IOSR Journal of Research & Method in Education (IOSRJRME)

May - Jun 2014Volume 4 - Issue 3

Version 1 Version 2 Version 3 Version 4 Version 5

Paper Type : Research Paper
Title : Feedback in Teacher Education: Interns' Perceptions
Country : India
Authors : Archana Kushwaha
: 10.9790/7388-04330105      logo
Abstract: Field experience is one of the most influential components in preparation of pre-service teachers in a teacher education programme. College supervisors have an important responsibility of supporting and guiding interns during this period. For supervisors' feedback to be effective in leading to change in interns' classroom practice, it should be well received by the teachers at whom it is directed. This study was an attempt to understand how interns felt about the feedback they received from their college supervisors during their internship in school and identify those aspects of the feedback which helped them become reflective teachers. The study brings to light several aspects of supervision including those that helped them improve classroom practices as well as others which invited disapproval or were considered unproductive.
Keywords: feedback, field experience, internship, interns' perceptions, reflective teaching, supervision.
[1] Tang S (2003), Challenge and support: The dynamics of student teachers‟ professional learning in the field experience, Teaching and Teacher Education 19: 483-98
[2] Richardson V (1996) The role of attitudes and beliefs in learning to teach. In Handbook of Reasearch in Teacher Education, ed. J Sikula, 102-19, New York: Simon and Schuster Macmillan
[3] Caires S and Almeida L (2007), Positive aspects of teacher training supervision: The student teachers‟ perspective, European Journal of Psychology of Education, 22(4), 515-528
[4] Dewey J (1938) Education and experience, New York: Simon and Schuster
[5] Zeichner K (1996) Designing educative practicum experiences In Currents of Reform in preservice teacher education, ed. K. Zeichner, S Melnick and M L Gomez, 215-34, New York and London: Teachers College, Columbia Univ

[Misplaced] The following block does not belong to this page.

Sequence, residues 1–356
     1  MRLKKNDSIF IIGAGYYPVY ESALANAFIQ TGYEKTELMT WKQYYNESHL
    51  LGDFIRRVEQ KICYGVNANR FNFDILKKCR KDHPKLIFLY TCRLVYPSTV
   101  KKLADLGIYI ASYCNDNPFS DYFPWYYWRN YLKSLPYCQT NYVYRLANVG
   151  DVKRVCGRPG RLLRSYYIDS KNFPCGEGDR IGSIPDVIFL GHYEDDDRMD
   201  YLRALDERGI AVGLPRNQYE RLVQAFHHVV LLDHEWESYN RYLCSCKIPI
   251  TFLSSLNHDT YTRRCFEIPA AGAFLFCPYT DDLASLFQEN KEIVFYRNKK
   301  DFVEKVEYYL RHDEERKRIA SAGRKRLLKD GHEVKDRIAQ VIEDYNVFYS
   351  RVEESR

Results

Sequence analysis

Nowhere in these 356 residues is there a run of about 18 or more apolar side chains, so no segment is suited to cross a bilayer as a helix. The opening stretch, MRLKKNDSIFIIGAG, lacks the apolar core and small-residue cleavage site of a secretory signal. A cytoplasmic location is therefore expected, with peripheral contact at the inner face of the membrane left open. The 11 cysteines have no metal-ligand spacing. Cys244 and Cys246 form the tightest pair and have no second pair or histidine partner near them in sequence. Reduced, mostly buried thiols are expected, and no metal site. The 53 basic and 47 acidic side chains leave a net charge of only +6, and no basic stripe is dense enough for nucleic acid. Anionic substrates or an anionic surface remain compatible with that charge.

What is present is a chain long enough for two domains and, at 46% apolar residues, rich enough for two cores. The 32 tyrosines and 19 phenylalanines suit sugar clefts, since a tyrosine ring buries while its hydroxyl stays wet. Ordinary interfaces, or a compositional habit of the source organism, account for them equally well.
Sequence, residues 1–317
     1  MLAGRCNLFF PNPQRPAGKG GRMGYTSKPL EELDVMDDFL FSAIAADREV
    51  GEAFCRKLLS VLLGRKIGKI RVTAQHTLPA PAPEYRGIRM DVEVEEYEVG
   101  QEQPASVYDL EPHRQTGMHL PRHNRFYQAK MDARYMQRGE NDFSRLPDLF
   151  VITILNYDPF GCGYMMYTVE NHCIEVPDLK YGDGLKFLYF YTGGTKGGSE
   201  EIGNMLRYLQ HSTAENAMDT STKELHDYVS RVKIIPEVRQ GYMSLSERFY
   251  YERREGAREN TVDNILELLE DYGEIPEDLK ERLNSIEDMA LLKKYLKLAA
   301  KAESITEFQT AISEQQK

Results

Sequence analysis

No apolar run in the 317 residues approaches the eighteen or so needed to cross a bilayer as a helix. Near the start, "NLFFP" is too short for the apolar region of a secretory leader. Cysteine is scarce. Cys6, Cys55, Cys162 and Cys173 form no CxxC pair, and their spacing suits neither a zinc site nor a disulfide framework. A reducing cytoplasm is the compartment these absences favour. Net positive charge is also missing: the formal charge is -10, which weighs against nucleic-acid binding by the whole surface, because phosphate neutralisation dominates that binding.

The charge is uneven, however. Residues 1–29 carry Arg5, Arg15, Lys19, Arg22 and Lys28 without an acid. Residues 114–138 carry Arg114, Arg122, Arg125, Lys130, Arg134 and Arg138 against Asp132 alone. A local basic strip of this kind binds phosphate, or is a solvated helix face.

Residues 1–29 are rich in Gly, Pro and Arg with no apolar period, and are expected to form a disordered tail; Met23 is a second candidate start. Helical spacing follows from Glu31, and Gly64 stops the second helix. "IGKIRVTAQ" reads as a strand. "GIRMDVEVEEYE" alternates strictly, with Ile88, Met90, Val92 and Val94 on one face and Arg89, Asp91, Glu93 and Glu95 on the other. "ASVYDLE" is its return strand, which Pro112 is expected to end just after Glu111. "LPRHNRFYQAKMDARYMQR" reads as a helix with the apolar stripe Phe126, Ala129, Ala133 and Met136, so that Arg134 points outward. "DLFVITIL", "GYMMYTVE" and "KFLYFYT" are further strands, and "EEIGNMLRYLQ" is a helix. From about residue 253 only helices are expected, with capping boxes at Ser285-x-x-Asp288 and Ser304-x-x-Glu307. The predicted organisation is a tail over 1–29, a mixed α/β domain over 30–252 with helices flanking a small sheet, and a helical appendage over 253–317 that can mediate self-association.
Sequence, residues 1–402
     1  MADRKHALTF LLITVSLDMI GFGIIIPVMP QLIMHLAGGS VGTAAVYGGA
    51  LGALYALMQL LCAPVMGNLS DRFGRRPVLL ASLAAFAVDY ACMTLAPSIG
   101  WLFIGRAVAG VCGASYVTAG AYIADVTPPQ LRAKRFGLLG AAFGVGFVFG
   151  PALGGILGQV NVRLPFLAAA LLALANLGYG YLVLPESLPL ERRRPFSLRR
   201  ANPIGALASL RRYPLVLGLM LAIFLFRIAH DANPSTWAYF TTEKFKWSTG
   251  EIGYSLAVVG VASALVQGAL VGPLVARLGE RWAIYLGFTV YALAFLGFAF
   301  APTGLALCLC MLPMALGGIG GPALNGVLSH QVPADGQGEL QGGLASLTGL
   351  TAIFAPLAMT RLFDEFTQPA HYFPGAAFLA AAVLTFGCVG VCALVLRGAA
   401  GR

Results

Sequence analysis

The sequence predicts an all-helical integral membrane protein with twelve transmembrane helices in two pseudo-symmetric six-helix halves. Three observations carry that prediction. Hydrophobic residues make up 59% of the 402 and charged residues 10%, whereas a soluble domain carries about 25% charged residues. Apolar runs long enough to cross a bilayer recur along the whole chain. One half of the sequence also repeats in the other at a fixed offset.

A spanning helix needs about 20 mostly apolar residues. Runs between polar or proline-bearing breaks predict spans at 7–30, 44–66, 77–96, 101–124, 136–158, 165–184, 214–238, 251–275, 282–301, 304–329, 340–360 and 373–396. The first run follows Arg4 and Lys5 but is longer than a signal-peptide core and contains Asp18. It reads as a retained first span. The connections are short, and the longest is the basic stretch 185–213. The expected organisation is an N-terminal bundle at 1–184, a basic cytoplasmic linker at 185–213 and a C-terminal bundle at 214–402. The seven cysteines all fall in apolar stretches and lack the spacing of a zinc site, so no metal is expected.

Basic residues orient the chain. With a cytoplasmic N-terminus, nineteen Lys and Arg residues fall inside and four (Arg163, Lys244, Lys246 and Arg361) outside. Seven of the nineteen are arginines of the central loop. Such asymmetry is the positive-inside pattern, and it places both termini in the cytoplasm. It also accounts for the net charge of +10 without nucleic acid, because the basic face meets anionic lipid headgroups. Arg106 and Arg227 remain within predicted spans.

Paper Type : Research Paper
Title : Teacher Professional Development Seen From Training Implementation, Teacher Empowerment and Teacher Mindset at Center of Development and Empowerment for Teacher and Education Personnel (PPPPTK) Medan
Country : Indonesia
Authors : Bongguk Haloho
: 10.9790/7388-04330610      logo
Abstract: This study aims to determine the relationship among the training implementation, teacher empowerment, teachers mind set and teacher professional development. The research method used quantitative methods with the number of respondents as many as 90 vocational school teachers from Sumatera and Kalimantan. Data were processed using path analysis. The results showed: first, the training implementation directly affects teachers mindset of 20.07%. Secondly, teacher empowerment directly affect teacher mindset 21.90%. Third, Implementation Training directly influence on the Teacher Professional Development 10.11%. Fourth, Teacher Empowering directly influence the Teacher Professional Development at 0.0756 or 7.56%. Fifth, Teacher Mindset directly influence the Teachers Professional Development of 18.83%.Based on the results of the study suggested: first, Head of Education districts/cities in formulating policies relating to teachers professional development encourage the participation of teachers in training, teacher empowerment, and development mindset. Second, teacher training institutions in order to improve the quality and quantity its training. Third, the school superintendent shall carry out its role priority on empowering teachers and teacher development mindset. Fourth, principals should encourage the professional development of teachers. Fifth, the teacher does not stop improving the ability of the profession to do through the seriousness of the following training, developing mindset and utilize empowerment fullest.
Keywords: training implementation. teacher empowerment, teacher mindset and teacher professional development.
[1]. Echols, John M. dan Shadili, Hassan. 1996. Kamus Inggris Indonesia. Jakarta: PT. Gramedia Cet. Ke-23.
[2]. Arifin, H.M. 1995. Kapita Selekta Pendidikan (Islam dan Umum). Jakarta: Bumi Aksara. Cet. Ke-3.
[3]. Sururi. 2002. Meningkatkan Profesionalisasi Guru dan Kepala Sekolah. Makalah: Disampaikan Pada Kegiatan P2M Tanggal 19 Oktober 2002.